Origins Available: English
The Norman Conquest
in 1066 brought much change to the island nation, including many immigrants with new names. Among these immigrants were the ancestors of the Casserly family, who lived in Yorkshire
. The family was originally from Chastelai, Normandy
, and the name Casserly is derived from this place-name.
Early Origins of the Casserly family
The surname Casserly was first found in Yorkshire
where they held a family seat
from very early times and were granted lands by Duke William of Normandy
, their liege Lord, for their distinguished assistance at the Battle of Hastings in 1066 A.D.
Early History of the Casserly family
This web page shows only a small excerpt of our Casserly research.Another 186 words (13 lines of text) covering the years 1532, 1550, and 1700 are included under the topic Early Casserly History in all our PDF Extended History products and printed products wherever possible.
Casserly Spelling Variations
A multitude of spelling variations
characterize Norman surnames. Many variations occurred because Old and Middle English lacked any definite spelling rules. The introduction of Norman French to England
also had a pronounced effect, as did the court languages of Latin and French. Therefore, one person was often referred to by several different spellings in a single lifetime. The various spellings include Casserly, Casserley, Casserlay, Castlelaw, Casserlaw, Casterline, Chastelyn, Casteldein and many more.
Early Notables of the Casserly family (pre 1700)
More information is included under the topic Early Casserly Notables in all our PDF Extended History products
and printed products wherever possible.
Migration of the Casserly family to the New World and Oceana
Many English families left England
, to avoid the chaos of their homeland and migrated to the many British colonies abroad. Although the conditions on the ships were extremely cramped, and some travelers arrived diseased, starving, and destitute, once in the colonies, many of the families prospered and made valuable contributions to the cultures of what would become the United States and Canada. Research into the origins of individual families in North America has revealed records of the immigration of a number of people bearing the name Casserly or a variant listed above:
Casserly Settlers in United States in the 19th Century
- Patrick Casserly who arrived in Philadelphia, Pennsylvania in 1850
- E Casserly, who landed in San Francisco, California in 1850 CITATION[CLOSE]
Filby, P. William, Meyer, Mary K., Passenger and immigration lists index : a guide to published arrival records of about 500,000 passengers who came to the United States and Canada in the seventeenth, eighteenth, and nineteenth centuries. 1982-1985 Cumulated Supplements in Four Volumes Detroit, Mich. : Gale Research Co., 1985, Print (ISBN 0-8103-1795-8)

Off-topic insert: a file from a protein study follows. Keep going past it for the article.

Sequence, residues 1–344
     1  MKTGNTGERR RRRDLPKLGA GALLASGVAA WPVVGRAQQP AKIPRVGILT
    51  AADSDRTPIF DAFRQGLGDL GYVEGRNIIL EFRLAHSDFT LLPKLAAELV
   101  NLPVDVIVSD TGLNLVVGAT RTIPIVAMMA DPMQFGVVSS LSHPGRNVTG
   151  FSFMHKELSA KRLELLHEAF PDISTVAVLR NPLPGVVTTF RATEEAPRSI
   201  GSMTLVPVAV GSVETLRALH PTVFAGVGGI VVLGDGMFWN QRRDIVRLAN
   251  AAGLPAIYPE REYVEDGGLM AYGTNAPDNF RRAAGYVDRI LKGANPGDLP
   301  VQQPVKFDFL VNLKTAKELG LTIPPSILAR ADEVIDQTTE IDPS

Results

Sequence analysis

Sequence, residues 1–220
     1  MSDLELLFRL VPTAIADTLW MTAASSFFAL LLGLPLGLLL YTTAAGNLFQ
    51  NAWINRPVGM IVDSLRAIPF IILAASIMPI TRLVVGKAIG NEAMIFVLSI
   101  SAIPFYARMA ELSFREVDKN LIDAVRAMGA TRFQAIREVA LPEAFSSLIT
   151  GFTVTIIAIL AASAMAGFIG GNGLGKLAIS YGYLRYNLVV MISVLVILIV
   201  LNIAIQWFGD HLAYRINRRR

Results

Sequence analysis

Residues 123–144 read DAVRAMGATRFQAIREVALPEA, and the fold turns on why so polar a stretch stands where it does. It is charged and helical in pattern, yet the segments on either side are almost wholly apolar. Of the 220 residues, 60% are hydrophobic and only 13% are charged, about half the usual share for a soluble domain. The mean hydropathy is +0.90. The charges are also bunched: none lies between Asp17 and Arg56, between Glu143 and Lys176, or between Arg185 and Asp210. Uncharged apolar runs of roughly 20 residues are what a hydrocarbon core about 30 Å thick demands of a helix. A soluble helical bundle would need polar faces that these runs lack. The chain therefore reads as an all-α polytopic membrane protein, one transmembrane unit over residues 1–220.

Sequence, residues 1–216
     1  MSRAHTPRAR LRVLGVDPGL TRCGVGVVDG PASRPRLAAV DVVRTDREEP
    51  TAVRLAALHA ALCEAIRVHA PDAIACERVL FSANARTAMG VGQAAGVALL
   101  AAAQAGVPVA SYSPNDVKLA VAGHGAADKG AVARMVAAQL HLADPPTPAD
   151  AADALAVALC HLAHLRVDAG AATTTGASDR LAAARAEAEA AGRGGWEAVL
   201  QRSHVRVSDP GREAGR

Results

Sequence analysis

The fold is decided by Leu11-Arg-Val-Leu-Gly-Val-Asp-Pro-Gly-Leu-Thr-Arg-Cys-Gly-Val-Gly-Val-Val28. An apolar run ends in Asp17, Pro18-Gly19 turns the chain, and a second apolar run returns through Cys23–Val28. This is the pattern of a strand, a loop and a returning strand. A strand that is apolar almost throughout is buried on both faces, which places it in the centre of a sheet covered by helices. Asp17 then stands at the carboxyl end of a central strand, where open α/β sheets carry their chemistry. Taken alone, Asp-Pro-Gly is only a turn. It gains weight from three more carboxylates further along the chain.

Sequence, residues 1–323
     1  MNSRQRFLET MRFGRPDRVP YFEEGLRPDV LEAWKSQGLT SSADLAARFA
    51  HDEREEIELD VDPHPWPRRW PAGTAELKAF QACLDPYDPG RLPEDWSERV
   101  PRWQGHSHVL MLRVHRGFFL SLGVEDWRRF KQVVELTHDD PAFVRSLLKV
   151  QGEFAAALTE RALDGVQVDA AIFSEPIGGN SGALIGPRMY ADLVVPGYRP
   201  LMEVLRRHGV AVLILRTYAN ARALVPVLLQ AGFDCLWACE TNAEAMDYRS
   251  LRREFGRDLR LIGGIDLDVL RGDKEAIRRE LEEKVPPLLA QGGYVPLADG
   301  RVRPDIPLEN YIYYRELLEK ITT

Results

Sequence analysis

Casserly Settlers in United States in the 20th Century
- Agnes Casserly, aged 26, who arrived in America from Elphin, Ireland, in 1900
- Gertrude W Casserly, aged 33, who arrived in America from London, in 1904
- Bernard Casserly, aged 23, who arrived in America from Newtownfortes, Ireland, in 1906
- Annie Casserly, aged 30, who arrived in America from Ballaghadejern, Ireland, in 1907
- Julia Casserly, aged 20, who arrived in America from Milltown, Ireland, in 1907
- ... (More are available in all our PDF Extended History products and printed products wherever possible.)
Casserly Settlers in Canada in the 20th Century
- Michael Joseph Casserly, aged 35, who arrived in St. Thomas, Ontario, Canada, in 1918
Contemporary Notables of the name Casserly (post 1700)
- Eugene Casserly (1820-1883), Irish born, American Senator from California (1869-1873)
- Charlie Casserly, American NFL football analyst for CBS Sports
The Casserly Motto
The motto was originally a war cry or slogan. Mottoes first began to be shown with arms in the 14th and 15th centuries, but were not in general use until the 17th century. Thus the oldest coats of arms generally do not include a motto. Mottoes seldom form part of the grant of arms: Under most heraldic authorities, a motto is an optional component of the coat of arms, and can be added to or changed at will; many families have chosen not to display a motto.
Motto: Malo mori quam fodari
Motto Translation: I would rather die than be disgraced.